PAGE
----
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This article has been peer reviewed. It is the author’s final published version in Value in Health, February 2019.

The published version is available at Copyright © Hudgens et al.


Objectives: A new patient-reported outcome (PRO) instrument to measure fatigue symptoms and impacts in relapsing multiple sclerosis (RMS) was developed in a qualitative stage, followed by psychometric validation and migration from paper to an electronic format.

Methods: Adult patients with relapsing-remitting multiple sclerosis (RRMS) were interviewed to elicit fatigue-related symptoms and impacts. A draft questionnaire was debriefed in cognitive interviews with further RRMS patients, and revised. Content confirmation interviews were conducted with patients with progressive-relapsing multiple sclerosis (PRMS) and relapsing secondary-progressive multiple sclerosis (RSPMS). Psychometric analyses used data from adult patients with different RMS subtypes and matched non-RMS controls in a multicenter, observational study. After item reduction, the final instrument was migrated to a smartphone (eDiary) and usability was confirmed in interviews with additional adult RMS patients.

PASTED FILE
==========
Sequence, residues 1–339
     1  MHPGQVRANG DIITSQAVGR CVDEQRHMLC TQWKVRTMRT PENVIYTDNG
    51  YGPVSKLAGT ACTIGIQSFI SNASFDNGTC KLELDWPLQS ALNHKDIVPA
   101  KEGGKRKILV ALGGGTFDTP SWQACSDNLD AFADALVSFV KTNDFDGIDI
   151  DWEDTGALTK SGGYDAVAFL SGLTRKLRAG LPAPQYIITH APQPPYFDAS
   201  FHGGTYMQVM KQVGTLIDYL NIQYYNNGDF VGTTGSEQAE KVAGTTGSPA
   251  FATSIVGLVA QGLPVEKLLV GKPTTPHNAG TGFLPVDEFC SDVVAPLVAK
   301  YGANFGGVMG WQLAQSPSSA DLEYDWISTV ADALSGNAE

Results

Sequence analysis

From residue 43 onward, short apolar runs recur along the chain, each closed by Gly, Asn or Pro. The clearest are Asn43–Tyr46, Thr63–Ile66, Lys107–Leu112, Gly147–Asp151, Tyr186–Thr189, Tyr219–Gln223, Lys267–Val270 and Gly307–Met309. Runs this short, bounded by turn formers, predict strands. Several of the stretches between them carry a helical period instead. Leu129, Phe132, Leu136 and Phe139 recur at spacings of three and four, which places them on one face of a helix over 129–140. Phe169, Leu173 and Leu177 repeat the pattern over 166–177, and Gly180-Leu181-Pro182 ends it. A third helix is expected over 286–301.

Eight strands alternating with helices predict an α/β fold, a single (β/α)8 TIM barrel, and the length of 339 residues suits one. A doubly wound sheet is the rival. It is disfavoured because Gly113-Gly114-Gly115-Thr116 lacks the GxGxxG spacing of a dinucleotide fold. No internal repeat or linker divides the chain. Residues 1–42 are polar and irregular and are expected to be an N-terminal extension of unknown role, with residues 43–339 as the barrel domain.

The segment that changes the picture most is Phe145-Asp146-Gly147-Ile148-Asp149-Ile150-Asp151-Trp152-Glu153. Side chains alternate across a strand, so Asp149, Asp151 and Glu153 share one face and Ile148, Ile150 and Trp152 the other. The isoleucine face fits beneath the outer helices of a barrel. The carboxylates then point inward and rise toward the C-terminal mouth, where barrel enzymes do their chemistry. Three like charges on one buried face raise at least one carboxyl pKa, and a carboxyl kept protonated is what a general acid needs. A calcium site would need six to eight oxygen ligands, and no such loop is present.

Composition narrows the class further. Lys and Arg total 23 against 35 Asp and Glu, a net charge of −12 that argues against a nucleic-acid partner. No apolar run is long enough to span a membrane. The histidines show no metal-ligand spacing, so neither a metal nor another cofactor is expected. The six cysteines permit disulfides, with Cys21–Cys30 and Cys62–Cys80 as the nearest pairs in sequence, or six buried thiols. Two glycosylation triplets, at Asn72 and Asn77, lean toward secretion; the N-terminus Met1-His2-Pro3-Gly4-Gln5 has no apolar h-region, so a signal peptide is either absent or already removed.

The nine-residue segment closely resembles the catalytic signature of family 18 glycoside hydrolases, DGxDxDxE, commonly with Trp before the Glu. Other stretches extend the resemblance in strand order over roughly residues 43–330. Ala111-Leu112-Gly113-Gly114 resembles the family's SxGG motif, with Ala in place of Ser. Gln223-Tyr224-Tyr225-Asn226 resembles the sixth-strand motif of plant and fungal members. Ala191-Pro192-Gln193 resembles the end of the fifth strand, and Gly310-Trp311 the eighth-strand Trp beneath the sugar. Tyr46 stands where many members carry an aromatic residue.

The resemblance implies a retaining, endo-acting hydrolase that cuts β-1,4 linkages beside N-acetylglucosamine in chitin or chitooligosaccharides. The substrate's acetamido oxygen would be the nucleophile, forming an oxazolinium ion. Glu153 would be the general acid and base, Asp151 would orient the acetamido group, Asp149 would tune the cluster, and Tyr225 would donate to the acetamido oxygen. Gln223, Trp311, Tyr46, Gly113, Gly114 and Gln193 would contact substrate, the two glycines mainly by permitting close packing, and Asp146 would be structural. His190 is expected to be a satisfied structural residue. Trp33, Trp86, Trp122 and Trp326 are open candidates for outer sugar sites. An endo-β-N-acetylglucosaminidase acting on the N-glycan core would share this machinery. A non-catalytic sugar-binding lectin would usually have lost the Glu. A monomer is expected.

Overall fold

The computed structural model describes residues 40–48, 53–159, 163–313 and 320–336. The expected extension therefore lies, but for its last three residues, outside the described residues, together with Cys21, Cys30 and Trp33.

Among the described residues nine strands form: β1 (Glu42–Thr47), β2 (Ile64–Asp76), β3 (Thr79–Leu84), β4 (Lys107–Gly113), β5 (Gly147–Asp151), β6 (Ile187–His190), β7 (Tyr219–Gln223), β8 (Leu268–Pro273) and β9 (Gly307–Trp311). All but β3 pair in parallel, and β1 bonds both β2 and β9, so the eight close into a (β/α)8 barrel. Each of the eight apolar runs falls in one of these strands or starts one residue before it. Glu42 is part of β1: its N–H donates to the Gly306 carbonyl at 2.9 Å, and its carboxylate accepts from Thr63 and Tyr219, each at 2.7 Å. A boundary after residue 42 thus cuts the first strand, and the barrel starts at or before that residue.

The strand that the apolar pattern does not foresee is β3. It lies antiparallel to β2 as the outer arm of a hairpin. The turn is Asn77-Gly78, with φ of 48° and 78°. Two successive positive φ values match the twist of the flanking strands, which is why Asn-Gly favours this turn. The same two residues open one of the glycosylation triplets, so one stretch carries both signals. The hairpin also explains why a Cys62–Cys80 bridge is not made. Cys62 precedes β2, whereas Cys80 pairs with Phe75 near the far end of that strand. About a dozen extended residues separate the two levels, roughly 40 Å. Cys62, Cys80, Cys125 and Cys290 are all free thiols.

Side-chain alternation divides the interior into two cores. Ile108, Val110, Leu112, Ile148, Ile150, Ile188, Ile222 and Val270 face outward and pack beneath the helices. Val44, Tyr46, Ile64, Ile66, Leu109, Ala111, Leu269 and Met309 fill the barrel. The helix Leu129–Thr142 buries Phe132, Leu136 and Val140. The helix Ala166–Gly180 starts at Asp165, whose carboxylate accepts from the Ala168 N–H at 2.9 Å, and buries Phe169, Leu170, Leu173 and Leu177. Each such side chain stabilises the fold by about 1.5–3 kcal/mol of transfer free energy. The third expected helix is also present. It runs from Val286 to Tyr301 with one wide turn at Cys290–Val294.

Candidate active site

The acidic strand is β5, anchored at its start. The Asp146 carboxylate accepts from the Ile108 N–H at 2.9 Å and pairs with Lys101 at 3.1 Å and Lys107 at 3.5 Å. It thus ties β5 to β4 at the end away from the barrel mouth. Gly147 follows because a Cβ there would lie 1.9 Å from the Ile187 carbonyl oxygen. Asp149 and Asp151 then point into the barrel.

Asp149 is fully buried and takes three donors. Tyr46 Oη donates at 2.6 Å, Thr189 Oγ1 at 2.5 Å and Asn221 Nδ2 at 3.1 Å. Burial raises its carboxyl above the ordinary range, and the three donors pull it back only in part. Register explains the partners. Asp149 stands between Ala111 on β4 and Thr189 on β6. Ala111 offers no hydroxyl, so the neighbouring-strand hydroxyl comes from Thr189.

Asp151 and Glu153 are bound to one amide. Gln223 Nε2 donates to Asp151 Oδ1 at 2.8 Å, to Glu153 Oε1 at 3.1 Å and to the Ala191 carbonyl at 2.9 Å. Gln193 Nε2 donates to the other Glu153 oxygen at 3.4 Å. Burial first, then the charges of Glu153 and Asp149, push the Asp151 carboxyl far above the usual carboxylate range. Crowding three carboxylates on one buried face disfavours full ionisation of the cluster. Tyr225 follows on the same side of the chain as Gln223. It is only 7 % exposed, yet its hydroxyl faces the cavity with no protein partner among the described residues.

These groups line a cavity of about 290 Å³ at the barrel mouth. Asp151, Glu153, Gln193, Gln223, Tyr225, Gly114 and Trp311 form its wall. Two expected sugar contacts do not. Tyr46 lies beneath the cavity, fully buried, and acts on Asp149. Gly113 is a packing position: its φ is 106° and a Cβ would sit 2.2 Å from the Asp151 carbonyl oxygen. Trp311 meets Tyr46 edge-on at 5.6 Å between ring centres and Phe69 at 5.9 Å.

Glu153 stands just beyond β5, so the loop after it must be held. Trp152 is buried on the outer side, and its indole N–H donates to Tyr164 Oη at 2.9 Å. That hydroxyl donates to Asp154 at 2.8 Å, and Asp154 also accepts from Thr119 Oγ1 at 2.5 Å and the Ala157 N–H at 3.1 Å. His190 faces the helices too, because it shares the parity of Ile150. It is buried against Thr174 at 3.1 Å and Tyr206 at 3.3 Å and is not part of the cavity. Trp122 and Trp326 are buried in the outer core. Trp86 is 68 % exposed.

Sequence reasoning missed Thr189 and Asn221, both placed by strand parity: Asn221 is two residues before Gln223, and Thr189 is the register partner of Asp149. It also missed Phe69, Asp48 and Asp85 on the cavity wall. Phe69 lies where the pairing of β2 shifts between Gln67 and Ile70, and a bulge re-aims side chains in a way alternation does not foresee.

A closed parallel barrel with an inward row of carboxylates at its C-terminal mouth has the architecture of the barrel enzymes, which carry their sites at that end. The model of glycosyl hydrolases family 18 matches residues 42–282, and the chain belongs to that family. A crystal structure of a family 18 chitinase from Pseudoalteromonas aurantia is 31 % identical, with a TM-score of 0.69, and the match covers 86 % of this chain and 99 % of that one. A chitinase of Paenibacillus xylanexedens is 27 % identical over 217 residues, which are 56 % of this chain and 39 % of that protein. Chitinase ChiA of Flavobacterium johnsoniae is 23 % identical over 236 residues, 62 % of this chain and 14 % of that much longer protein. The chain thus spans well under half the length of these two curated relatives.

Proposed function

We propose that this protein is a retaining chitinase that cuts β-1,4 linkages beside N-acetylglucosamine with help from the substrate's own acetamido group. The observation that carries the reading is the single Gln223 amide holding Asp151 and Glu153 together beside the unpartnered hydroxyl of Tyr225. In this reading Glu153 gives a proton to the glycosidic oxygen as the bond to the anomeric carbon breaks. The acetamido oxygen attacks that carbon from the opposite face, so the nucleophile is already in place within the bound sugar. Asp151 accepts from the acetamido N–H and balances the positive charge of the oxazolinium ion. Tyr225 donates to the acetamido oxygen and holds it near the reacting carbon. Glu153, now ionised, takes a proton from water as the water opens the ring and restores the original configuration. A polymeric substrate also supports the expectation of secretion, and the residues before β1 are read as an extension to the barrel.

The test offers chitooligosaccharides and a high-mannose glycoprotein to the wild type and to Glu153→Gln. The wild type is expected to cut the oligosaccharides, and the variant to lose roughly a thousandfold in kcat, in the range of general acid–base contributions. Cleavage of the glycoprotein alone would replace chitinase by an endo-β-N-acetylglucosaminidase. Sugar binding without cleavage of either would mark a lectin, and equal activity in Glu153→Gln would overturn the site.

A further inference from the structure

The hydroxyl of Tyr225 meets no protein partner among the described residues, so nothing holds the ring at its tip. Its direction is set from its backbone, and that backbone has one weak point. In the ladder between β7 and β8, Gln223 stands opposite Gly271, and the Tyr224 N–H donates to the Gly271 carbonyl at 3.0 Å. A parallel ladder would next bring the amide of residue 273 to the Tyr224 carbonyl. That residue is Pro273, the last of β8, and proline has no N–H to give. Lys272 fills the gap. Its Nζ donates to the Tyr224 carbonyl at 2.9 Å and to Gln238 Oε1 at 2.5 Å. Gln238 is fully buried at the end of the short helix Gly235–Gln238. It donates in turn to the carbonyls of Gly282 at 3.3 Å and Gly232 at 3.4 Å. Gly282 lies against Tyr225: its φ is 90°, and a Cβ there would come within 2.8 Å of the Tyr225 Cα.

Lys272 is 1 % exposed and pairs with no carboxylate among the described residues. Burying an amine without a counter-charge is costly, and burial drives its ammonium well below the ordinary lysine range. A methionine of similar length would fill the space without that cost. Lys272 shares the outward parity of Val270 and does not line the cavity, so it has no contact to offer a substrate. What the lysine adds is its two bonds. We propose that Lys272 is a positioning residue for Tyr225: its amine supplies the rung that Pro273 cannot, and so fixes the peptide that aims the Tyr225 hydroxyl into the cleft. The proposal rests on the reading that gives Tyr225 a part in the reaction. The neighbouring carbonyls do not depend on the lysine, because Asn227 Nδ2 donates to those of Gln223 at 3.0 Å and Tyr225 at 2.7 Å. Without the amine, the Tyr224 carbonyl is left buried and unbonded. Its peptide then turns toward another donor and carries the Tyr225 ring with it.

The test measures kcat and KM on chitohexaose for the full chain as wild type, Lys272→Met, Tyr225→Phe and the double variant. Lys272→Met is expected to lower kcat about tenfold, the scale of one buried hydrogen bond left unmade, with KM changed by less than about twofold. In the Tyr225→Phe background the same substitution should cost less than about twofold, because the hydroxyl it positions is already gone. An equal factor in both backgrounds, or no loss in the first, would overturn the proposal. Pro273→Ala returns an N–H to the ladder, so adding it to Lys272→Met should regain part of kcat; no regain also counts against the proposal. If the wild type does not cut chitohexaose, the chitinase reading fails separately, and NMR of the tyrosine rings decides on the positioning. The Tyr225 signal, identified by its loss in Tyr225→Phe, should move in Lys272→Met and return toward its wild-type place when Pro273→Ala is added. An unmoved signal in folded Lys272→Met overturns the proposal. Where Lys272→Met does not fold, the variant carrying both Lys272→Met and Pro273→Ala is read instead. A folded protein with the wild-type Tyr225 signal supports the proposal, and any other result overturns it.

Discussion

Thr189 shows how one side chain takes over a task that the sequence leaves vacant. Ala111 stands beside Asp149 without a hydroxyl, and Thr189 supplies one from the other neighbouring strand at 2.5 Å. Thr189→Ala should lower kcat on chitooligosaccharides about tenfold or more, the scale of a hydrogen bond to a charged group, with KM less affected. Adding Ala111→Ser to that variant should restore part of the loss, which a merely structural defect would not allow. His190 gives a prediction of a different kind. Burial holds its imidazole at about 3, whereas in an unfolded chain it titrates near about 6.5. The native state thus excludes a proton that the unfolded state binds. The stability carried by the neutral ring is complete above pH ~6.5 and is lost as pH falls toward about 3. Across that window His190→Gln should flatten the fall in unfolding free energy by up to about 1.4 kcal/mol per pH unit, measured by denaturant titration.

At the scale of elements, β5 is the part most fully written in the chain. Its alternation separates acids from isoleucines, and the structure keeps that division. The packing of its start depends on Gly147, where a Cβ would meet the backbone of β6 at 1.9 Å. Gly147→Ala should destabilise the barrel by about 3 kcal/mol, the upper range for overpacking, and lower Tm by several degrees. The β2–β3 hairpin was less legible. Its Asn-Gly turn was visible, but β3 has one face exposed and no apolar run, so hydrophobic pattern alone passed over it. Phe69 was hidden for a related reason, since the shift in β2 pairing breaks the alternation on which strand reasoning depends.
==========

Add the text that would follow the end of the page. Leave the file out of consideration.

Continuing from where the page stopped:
Results: The qualitative stage included 37 RRMS, 5 PRMS, and 5 RSPMS patients. Saturation of concepts was reached during concept elicitation. Cognitive interviews confirmed that participants understood the instructions, items, and response options of the instrument—named FSIQ-RMS—as intended. Psychometric validation included 164 RMS and 74 control patients. Internal consistency and test–retest reliability were demonstrated. The symptoms domain discriminated along the RMS symptom-severity continuum and between patients and controls. Patients were able to attribute fatigue-related symptoms to RMS. Usability and conceptual equivalence of the eDiary were confirmed (n = 10 participants).

Conclusions: With 7 symptom items and 13 impact items (in 3 impacts subdomains: physical, cognitive and emotional, and coping) after item reduction, the FSIQ-RMS is a comprehensive, valid, and reliable measure of fatigue-related symptoms and impacts in RMS patients.

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This work is licensed under a Creative Commons Attribution-Noncommercial-No Derivative Works 4.0 License.



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